On January 17, 2017, USCIS started allowing certain persons to obtain automatic EAD extensions. On May 4, 2022, the USCIS increased the maximum time for automatic EAD extensions from 180 to 540 days.
On May 3, 2022, U.S. Citizenship and Immigration Services (USCIS) announced a Temporary Final Rule (TFR) that increases the automatic extension period for employment authorization and Employment Authorization Documents (EADs), available to certain EAD renewal applicants, to up to 540 days. The increase, which will be effective immediately on May 4, 2022, will help avoid gaps in employment for noncitizens with pending EAD renewal applications and stabilize the continuity of operations for U.S. employers.
Under the new regulations, the USCIS will no longer be required to adjudicate requests for EADs within 90 days. However, persons with existing Employment Authorization Documents can apply for extensions of their EAD work permits 180 days before they expire.
Automatic EAD Extensions – Do You Qualify?
The regulation designates the following 15 categories of people who will be eligible for automatic EAD extensions of 540 days as long as they submit timely requests to extend their EADs:
- Aliens admitted as refugees;
- Aliens granted asylum;
- Aliens admitted as parents or dependent children of aliens granted permanent residence under section 101(a)(27)(I) of the INA;
- Aliens admitted as citizens of the Federated States of Micronesia, the Marshall Islands, or Palau;
- Aliens granted withholding of deportation or removal;
- Aliens granted Temporary Protected Status (TPS);
- Aliens who have properly filed applications for TPS and who have been deemed prima facie eligible for TPS and have received an EAD as a “temporary treatment benefit”;
- Aliens who have properly filed applications for asylum or withholding of deportation or removal;
- Aliens who have filed applications for adjustment of status under section 245(a) of the INA;
- Aliens who have filed applications for suspension of deportation under Section 244 of the INA, cancellation of removal under section 240A of the INA, or special rule cancellation of removal under section 309(f)(1) IIRAIRA;
- Aliens who have filed applications for creation of a record of lawful admission for permanent residence;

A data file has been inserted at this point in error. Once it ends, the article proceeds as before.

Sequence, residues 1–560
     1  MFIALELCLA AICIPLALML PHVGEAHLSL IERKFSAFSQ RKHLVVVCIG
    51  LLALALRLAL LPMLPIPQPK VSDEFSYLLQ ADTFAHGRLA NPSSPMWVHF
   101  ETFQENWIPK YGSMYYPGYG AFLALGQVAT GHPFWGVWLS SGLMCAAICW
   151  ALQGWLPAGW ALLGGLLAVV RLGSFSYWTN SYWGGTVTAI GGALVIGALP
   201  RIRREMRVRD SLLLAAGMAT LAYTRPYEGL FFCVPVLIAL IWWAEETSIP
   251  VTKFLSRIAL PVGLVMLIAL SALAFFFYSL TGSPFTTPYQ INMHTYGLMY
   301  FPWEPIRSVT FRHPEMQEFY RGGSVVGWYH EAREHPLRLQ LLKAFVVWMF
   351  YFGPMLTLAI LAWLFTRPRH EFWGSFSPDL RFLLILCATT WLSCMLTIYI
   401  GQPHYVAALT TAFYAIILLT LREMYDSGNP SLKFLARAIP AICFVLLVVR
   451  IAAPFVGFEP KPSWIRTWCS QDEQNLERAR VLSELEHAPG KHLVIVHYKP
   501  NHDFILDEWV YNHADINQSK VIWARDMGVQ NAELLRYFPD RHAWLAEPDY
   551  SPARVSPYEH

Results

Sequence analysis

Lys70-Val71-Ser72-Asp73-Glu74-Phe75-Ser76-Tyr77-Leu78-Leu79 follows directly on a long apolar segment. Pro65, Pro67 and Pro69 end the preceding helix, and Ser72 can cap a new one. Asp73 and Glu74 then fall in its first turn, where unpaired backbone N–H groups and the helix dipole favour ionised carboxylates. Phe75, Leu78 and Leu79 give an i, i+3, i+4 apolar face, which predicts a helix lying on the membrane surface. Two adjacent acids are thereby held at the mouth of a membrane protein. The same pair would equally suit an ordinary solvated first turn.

- Aliens who have properly filed legalization applications pursuant to section 210 of the INA;
- Aliens who have properly filed legalization applications pursuant to section 245A of the INA;
- Aliens who have filed applications for adjustment of status pursuant to section 1104 of the LIFE Act; and
- Aliens who are the principal beneficiaries or qualified children of approved VAWA self-petitioners.
Professional and Knowledgeable Law Firm
“I’ve had a decade of experience with Mr. Shusterman’s law firm. I used them for my immigration needs from H1 to citizenship. It is safe to say this is one of the most competent, professional and knowledgeable law firms. If there is a firm that can handle any possible immigration case routine or otherwise; then this is it.”
- D. Chen, Phoenix, Arizona
Read More Reviews
Zoom Consultations Available!
The rule does nothing to assist first-time applicants for EADs, nor does it permit automatic extensions of Advance Parole.
Many persons, such as spouses of nonimmigrants (L-2s, H-4s, etc.) are ineligible for automatic extensions of their EADs.
The automatic EAD extensions portion of the regulation is more complicated than this summary of the rule would indicate. Small employers without the resources to regularly check the USCIS website or consult with immigration lawyers may find it burdensome to comply with the I-9 requirements that this rule will entail.
It is recommended that persons with EADs should submit applications for extensions of their EADs and Advance Paroles 180 days before the expiration date to protect their ability to work and travel without interruption. Doing so will also aid their employers.